I wish there was a definitive answer to this question, because it comes up a lot in the world of SharePoint intranets. In the modern workplace, how much social is too much?
First let’s say what we mean by “social” at work. It’s no longer Birthday Cake Tuesday and Hawaiian Shirt Friday where everyone congregates and chats awkwardly, longing to go back to their cubes just so they may be released from forced interactions with management. Hap-py-bir-th-day-dear-teeee-eeeeam… Please just make lightning strike right here, right now. MAKE IT END. Thank goodness it mostly has. Right? I hope.
It’s incredibly interesting to me that the social workplace now takes both human and device-based interaction up a notch. Social now means bringing perks into the workplace that make employees feel valued, acknowledged, and engaged. I’m talking food trucks at the curb, dry cleaning service, massage therapy days, elves in stupid hats who wrap holiday gifts that employees drop off in the conference room. Social also means integrating elements of social media into automated productivity and engagement suites—IM/chat, discussion boards, video posts, “likes,” employee-focused news, front-and-center on your intranet, shares, downloads, let me upload pics of my new rescue pup so that my team can oooh-and-ahhh, I have a new bike that I need to sell, so I want to put it on the classified site at work, all that.
We all know what comes next, right? The “right” amount is… Eeeeenh it depends.
If you are a start-up in the Valley with nap mats and foosball tables and mood lighting and your 12 employees each work 90 hours a week, there’s no such thing as too social. The social experience keeps them interactive, entertained, collaborative, happy, motivated. And they probably can’t live or work happily without it—because Millennials.
If you are a financial institution with two-way mirrors and few windows and metal detectors at the door and require everyone to wear suits, any social is maybe too social. The social experience is distracting, probably too risky given privacy regs, lowers productivity, and appears unprofessional to your clients. And they can live and work without it–because Boomers.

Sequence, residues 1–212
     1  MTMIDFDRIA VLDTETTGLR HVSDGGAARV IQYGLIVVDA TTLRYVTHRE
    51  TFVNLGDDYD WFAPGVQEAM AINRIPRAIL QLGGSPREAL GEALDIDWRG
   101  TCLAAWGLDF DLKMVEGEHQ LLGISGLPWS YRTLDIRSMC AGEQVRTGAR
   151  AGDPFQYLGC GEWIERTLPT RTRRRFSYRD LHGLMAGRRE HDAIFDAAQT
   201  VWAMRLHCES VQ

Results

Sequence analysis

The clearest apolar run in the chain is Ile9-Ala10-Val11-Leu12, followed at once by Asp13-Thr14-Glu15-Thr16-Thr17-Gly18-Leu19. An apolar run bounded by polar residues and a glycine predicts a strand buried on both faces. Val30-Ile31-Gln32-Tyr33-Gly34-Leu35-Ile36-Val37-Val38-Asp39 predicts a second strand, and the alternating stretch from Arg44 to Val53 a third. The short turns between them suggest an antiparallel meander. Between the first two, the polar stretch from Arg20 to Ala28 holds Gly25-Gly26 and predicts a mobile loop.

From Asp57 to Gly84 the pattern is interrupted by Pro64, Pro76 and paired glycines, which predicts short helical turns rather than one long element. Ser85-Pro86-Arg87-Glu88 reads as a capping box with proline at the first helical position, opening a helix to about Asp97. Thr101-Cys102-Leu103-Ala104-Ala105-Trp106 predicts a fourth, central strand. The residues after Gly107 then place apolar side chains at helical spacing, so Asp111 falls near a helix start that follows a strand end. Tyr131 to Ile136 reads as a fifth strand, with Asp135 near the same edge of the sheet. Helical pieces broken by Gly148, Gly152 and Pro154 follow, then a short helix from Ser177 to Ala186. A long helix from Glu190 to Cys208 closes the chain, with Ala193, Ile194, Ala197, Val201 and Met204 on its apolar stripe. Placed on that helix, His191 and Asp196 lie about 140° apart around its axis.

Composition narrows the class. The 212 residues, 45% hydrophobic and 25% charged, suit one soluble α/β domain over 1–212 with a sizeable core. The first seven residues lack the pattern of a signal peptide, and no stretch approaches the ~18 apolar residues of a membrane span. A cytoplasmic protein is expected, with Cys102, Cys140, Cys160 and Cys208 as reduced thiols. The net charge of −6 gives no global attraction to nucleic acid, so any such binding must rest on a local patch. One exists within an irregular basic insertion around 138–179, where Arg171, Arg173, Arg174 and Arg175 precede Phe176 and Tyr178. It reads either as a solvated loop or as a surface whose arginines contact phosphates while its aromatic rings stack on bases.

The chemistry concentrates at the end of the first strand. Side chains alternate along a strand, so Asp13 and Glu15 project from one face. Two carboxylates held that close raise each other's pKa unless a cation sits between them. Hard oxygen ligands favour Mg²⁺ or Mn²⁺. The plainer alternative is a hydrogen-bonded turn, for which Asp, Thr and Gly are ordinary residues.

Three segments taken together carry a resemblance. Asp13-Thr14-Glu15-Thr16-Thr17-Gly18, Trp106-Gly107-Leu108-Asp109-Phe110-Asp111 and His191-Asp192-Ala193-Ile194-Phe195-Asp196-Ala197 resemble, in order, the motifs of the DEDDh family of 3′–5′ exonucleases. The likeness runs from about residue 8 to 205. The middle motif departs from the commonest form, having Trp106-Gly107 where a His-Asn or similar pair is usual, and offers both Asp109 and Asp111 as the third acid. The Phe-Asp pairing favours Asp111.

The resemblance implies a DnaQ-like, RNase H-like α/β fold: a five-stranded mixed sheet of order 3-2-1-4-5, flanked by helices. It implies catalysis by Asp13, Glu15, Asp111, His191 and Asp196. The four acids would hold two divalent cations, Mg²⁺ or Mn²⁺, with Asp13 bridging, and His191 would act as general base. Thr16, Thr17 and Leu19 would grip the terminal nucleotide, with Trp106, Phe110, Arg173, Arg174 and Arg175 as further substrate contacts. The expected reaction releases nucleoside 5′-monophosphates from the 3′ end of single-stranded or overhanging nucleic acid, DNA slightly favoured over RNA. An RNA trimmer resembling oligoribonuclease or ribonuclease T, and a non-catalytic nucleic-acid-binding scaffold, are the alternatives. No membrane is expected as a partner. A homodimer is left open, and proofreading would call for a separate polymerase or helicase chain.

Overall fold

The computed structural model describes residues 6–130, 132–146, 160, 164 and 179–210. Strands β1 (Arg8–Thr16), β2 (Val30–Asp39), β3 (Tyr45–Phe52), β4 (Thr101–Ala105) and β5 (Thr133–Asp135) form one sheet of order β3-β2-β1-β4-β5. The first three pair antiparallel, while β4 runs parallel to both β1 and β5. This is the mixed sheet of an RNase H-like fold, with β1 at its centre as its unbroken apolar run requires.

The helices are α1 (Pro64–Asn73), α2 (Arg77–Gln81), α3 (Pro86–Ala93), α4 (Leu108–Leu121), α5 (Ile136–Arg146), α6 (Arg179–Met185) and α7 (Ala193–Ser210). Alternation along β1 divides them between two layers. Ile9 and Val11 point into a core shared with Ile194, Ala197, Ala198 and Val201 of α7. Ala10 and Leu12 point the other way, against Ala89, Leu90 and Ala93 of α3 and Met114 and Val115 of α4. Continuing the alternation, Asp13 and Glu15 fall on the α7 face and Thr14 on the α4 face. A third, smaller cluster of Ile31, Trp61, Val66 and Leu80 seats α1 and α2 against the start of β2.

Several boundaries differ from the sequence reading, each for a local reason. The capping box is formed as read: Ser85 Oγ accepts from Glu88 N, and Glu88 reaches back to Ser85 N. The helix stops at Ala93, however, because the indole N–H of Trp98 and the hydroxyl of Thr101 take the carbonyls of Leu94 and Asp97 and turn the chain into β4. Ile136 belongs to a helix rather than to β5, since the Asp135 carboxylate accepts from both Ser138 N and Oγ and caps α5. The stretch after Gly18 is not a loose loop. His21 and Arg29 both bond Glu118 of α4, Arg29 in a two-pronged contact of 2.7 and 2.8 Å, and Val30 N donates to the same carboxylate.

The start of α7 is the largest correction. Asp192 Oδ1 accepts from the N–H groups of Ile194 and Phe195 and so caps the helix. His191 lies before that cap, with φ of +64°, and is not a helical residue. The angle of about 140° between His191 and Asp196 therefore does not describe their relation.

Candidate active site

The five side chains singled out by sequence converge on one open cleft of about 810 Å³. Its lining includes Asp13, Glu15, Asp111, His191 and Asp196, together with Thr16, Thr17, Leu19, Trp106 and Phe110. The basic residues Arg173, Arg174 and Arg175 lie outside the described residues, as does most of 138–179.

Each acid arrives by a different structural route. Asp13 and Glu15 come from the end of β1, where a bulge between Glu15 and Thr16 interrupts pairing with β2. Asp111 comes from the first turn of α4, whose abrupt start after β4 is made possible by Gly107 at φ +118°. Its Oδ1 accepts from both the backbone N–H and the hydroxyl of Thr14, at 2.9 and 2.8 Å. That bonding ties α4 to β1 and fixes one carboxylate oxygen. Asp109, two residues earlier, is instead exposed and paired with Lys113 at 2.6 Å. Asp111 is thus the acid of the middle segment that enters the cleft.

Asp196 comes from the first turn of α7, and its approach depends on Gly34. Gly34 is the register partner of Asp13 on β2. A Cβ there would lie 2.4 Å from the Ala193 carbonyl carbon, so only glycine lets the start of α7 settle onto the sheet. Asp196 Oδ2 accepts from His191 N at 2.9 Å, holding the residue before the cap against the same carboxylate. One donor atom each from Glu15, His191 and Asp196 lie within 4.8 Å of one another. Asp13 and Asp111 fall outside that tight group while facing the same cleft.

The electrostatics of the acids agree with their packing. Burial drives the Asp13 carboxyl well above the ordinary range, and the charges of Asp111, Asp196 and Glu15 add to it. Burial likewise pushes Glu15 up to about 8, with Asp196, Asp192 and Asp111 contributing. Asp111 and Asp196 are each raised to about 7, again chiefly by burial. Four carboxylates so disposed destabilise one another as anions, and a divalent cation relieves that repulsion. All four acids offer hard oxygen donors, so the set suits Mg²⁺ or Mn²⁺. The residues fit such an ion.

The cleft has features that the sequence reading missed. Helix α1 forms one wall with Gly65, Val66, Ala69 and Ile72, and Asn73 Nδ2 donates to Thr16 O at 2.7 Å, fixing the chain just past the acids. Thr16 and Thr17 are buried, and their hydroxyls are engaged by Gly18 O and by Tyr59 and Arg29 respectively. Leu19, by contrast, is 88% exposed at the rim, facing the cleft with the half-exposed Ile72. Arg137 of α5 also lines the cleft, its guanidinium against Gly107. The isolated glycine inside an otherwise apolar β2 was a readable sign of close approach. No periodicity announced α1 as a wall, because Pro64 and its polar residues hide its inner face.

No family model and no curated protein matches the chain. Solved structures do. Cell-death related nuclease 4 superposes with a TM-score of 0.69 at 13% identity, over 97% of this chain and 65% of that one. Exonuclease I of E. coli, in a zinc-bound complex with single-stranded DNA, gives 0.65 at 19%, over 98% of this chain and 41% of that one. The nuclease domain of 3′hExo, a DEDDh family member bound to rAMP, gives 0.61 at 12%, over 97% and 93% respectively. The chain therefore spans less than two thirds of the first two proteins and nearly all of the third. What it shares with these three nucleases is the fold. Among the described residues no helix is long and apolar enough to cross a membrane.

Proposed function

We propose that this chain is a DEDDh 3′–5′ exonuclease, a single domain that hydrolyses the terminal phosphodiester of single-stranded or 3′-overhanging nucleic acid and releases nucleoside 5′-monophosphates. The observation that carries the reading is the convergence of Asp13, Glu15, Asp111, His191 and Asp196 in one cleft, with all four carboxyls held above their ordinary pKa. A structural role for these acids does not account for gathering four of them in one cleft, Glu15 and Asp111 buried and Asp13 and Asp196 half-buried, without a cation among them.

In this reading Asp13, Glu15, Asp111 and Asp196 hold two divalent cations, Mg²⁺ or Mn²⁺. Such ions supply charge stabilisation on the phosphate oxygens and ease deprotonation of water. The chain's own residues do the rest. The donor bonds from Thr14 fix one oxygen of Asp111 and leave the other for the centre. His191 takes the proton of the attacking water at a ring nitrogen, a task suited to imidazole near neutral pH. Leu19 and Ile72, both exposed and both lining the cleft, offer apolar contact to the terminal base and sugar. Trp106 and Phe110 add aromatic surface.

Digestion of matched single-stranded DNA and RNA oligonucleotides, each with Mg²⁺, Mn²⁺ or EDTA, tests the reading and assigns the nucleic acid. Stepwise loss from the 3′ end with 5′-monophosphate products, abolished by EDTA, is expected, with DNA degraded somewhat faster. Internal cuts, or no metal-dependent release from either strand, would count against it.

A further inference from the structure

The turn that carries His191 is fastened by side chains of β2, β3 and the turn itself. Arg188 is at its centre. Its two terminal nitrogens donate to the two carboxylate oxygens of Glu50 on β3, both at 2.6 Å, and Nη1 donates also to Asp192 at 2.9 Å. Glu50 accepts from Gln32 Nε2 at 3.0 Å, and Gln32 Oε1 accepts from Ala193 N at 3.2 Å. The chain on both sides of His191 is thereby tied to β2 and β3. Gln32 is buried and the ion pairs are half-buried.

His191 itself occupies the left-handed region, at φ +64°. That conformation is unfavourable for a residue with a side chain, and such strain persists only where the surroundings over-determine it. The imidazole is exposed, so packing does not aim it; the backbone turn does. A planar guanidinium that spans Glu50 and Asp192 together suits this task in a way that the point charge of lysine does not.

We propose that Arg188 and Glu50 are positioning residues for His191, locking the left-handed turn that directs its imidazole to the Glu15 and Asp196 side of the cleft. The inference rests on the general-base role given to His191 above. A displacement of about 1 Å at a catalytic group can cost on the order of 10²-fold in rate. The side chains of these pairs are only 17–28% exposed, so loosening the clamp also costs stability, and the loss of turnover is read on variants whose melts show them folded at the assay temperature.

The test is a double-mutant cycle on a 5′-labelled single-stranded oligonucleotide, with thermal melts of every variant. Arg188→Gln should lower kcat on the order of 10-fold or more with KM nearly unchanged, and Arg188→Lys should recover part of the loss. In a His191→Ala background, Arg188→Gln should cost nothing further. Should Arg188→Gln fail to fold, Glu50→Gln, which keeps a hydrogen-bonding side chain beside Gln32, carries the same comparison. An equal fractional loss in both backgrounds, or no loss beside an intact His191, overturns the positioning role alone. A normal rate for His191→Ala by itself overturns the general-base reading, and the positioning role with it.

Most of us are in organizations that function in between the poles of generational and social-tolerance spectrums.
Hang with me for a minute here, friends. It’s hyperbolic personal anecdote time!
You know what I love? Socializing.
I’m a little bit of a butterfly. I appreciate MBWA and getting a feel for the mood of the people. I could spend an entire day hanging out with my work buds and my online friends and chatting up my favorite clients who pop up green on O365/Skype. I have a big support network, I love them all, and I really like talking to them. Most of my cellular data plan is spent on texting. These people know all my stuff, I know theirs, and I legit love catching up with them on the reg. Auto-correct often thwarts my messaging, so I over-text to compensate.
On that note, if typing were an Olympic sport, I’d be a gold medalist every 4 years (or 8? I don’t speak sports). IM, text, blogs, comments. I’m all about expressing my voice electronically. In addition to typing the things, I like reading the things. I’m right on the cusp of GenX/Millennial, so, yeah, I sometimes tumble down the rabbit holes of the internet. I could spend an entire day online doing nothing in particular except learning cool stuff that doesn’t matter at all, except to my winning teammates when I go into beast-mode at bar trivia.
See what just happened there?
Without some planning, most employees, even the ones who are conscientious and care a lot about their work, will sink hours (and hours and hours, so many hours) into beingsocial. They aren’t necessarily slacking on purpose. They’re just taking the opportunity to be social personally, chatting online and in the halls, without any connection to the mission and vision of the company. It’s probably because that connection, from the personal social experience to the workplace social experience, hasn’t been thought through or communicated. The problem isn’t how much social. We’re asking the wrong question. The problem is how do we create a social workplace that will inspire productivity, create opportunities for teamwork, and let employees know that they are being heard and their needs are being met.
If I’m working 90 hours a week, damn right I want a massage therapy day! If I’m a remote employee, far flung from headquarters, yes, I want employee-centric news so I can feel connected. And! I want to be able to comment on things and know things, as if I were sitting next to the Bobs at HQ. I want to be able to thumbs-up a cool training video instead of writing an email to express my delight (let’s be real, I’m never going to get to that email). I want to be able to ping Cody on Skype to remind him about our daily catch-up call, which I forgot to put on the calendar, again. I want to offer Rogue’s employees perks that let them know they are valuable and that we are fully aware we must stay competitive to keep them.
That’s giving good social workplace. Are you doing it?
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